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Building Your Brand Virtually: A Guide for Women Small Business Leaders on Networking and Visibility

woman on computer tablet networking small business

Overcome fear and self-doubt as you gear up to stand out from the crowd and build your brand.

From greater autonomy to increased job satisfaction, entrepreneurship has many perks. At the same time, however, the uncertainty associated with running a small business can fill you with self-doubt. In fact, 60% of women put off starting a business due to imposter syndrome, and 35% of women entrepreneurs face gender bias when raising business funds.

These challenges can make it harder for some women to position themselves as an entrepreneur and connect with other like-minded women. To help you tackle this challenge, we interviewed three small business women leaders who excel at building their personal brands while growing and cultivating their network. Here, Erin Gallagher, founding partner of Have Her Back Consulting, Sylvia Kwan, chief investment officer at Ellevest, and Benish Shah, chief growth officer at Loop & Tie explain how to overcome self-doubt and grow your network.

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Want to find out more about women’s entrepreneurship? Watch our webinar to hear how these women — who lead small and medium businesses — map their careers, balance work and life, and use mentorship and sponsorship to advance their careers.

Overcome Imposter Syndrome

With so many channels and platforms to choose from, building your personal brand online can be both scary and overwhelming.

And when it comes to women leaders specifically,  Erin Gallagher says they’ve been sold a narrative that “self promotion is distasteful and egomaniacal.”

Moreover, the accomplishments of women leaders aren’t always viewed equally.

“Where a woman sharing her credentials, experience and expertise may be viewed as boastful and self-indulgent, a man stating the same accolades is considered brilliant and self-confident. Leaders come in all shapes and sizes, from those who exhibit humility to hubris,” Gallagher adds.

Within your company, make sure people know about the projects you’re working on.

Sylvia Kwan, chief investment officer, Ellevest

Fortunately, women leaders have particular strengths that are being recognized more and more as key leadership qualities, particularly during challenging times, explains Sylvia Kwan.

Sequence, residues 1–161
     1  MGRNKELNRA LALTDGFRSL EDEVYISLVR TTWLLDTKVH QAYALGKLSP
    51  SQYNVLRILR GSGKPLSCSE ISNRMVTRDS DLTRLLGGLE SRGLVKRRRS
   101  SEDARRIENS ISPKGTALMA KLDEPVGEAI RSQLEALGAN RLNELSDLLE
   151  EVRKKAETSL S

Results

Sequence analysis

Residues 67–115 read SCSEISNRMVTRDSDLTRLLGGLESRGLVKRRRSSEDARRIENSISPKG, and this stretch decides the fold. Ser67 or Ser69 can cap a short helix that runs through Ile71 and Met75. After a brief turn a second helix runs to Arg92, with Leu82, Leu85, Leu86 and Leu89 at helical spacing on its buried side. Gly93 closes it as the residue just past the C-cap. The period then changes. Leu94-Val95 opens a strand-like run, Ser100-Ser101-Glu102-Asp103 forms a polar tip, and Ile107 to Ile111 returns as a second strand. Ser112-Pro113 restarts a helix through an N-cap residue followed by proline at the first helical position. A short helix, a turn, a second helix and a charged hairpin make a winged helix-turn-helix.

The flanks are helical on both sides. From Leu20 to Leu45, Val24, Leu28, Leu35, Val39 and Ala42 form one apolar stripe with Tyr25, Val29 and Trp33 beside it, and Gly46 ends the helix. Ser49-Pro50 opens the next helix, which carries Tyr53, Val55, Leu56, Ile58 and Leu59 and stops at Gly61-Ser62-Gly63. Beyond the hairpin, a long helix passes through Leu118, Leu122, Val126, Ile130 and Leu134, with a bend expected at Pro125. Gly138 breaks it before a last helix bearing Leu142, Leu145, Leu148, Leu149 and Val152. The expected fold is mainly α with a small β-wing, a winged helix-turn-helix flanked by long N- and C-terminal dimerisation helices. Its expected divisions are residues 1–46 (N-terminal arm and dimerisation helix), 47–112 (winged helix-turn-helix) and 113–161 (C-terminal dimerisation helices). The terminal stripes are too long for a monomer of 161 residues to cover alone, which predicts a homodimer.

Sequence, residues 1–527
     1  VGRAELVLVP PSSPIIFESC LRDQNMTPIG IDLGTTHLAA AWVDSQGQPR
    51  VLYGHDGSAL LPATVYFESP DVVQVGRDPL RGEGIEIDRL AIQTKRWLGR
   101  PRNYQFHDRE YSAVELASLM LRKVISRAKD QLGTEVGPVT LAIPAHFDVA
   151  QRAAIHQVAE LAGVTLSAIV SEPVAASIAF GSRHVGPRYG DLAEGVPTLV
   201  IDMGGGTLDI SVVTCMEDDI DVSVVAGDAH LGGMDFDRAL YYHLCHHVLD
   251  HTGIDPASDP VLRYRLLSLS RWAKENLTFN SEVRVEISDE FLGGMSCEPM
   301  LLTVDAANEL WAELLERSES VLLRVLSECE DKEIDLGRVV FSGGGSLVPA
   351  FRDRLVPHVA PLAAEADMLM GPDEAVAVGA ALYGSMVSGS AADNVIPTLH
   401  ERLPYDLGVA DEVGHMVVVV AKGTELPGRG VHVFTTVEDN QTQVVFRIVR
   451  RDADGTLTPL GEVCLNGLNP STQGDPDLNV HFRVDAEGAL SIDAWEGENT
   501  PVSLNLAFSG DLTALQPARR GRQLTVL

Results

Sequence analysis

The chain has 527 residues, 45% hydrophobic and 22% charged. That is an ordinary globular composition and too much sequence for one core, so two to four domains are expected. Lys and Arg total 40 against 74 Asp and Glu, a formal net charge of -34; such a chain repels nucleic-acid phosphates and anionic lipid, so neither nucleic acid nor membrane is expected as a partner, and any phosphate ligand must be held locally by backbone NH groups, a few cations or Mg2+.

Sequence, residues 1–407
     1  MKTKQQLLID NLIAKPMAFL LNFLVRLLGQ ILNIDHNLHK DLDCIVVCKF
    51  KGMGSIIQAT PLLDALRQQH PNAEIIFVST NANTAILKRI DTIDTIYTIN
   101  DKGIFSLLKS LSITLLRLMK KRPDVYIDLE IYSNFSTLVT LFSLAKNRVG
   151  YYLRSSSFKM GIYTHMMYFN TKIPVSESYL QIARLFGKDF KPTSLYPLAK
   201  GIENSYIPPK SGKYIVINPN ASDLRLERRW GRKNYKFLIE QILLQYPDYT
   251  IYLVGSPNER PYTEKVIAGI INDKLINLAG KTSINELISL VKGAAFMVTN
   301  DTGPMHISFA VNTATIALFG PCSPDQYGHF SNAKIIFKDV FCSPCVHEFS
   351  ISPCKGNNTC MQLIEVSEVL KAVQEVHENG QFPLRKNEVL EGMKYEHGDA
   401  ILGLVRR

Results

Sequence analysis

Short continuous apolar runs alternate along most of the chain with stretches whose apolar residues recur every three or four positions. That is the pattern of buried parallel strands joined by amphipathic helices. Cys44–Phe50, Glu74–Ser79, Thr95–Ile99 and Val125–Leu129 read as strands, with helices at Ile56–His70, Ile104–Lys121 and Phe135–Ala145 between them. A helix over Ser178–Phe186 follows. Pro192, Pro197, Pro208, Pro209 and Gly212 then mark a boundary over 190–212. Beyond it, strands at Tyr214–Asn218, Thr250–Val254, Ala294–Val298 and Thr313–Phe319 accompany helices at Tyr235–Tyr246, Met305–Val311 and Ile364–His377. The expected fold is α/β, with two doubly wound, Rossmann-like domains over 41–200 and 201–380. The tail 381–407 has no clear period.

“Two of these qualities are empathy and resiliency. Empathy for our colleagues, staff members, and families, but most importantly, empathy for ourselves. It’s especially important now to show yourself the same empathy you show others.”

Resilience is also a key component to success for women in small business. It can help you overcome imposter syndrome, which is when you fear you’re not smart, skilled, or worthy enough to uphold your role (and that you might be outed as a fraud).

“It’s easy and natural to feel upended all the time; I think that’s where women can really shine. Leaders that can recover very quickly from setbacks and unexpected challenges will be very successful in the coming years,” Kwan adds.

Make yourself visible

Once you are empowered to overcome fear and self-doubt, it’s important to stand out from the crowd. Kwan suggests you start on a small scale by speaking to the people you work with.

“Within your company, make sure people know about the projects you’re working on. And if you have time, seek out high-visibility stretch assignments, start an initiative, find opportunities to speak (even if it’s via Zoom) at company meetings.”

Showing up in your organization with a zest for problem-solving and trailblazing makes you more memorable — a key aspect to effective personal brand building. You can also use your voice in the greater online space. For example, you might author a blog post on LinkedIn or speak on a panel alongside other leaders in your niche.